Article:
Prognostic value of lymph node ratio in stage III colorectal cancer.Colorectal Dis. 2011 Oct; 13(10):1116-22.CD
Recent reports show that a positive metastatic to examined lymph nodes ratio (LNR) has prognostic value in malignancies. This study aimed to evaluate the prognostic value of LNR in patients having resection for stage III colorectal cancer.
From January 2000 to December 2006, patients who underwent resection for stage III colorectal carcinoma were included. All clinicopathological and follow-up data were prospectively collected. The impact of LNR and other clinicopathological factors on survival were evaluated.
The study included 533 (52.3% male) patients with a median age of 70 years. The median number of lymph nodes harvested and the median number of positive lymph nodes examined were 11 and 2, respectively. The median LNR was 0.263 (range, 0.03-1). After a median follow up of 52.65 months, the 5-year overall survival and disease-free survival were 55.9% and 49.4%. The patients were stratified into four groups according to LNR quartiles (1, LNR ≤ 0.125; 2, 0.125<LNR≤0.263; 3, 0.263<LNR≤0.500; 4, LNR>0.500). The 5-year overall and disease-free survival were 72.8%, 63.1%, 50.0%, 39.6% (P<0.001) and 68.5%, 54.1%, 47.2%, 29.9% (P<0.001), respectively, with increasing LNR groups. On multivariate analysis, age, T stage and LNR were independent predictors of both overall and disease-free survival. Subgroup analysis revealed that the LNR had a prognostic value for disease-free survival irrespective of number of lymph nodes harvested and location of tumour.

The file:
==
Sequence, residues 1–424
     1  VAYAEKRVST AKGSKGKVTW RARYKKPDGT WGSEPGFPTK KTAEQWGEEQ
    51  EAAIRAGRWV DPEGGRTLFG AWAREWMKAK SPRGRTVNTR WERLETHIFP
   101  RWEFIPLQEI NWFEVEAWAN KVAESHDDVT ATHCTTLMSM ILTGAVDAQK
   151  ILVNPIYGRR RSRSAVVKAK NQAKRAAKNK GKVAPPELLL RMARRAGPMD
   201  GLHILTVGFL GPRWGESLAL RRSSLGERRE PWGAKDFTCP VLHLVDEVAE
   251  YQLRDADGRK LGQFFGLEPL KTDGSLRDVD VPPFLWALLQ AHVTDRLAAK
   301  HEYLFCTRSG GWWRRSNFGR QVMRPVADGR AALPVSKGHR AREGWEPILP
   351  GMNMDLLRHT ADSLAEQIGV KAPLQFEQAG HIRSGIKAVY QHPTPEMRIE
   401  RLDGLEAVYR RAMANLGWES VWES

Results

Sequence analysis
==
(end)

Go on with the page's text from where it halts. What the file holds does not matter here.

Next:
The LNR is an independent prognostic factor for survival in colorectal cancer and is superior to the pN category in TNM staging.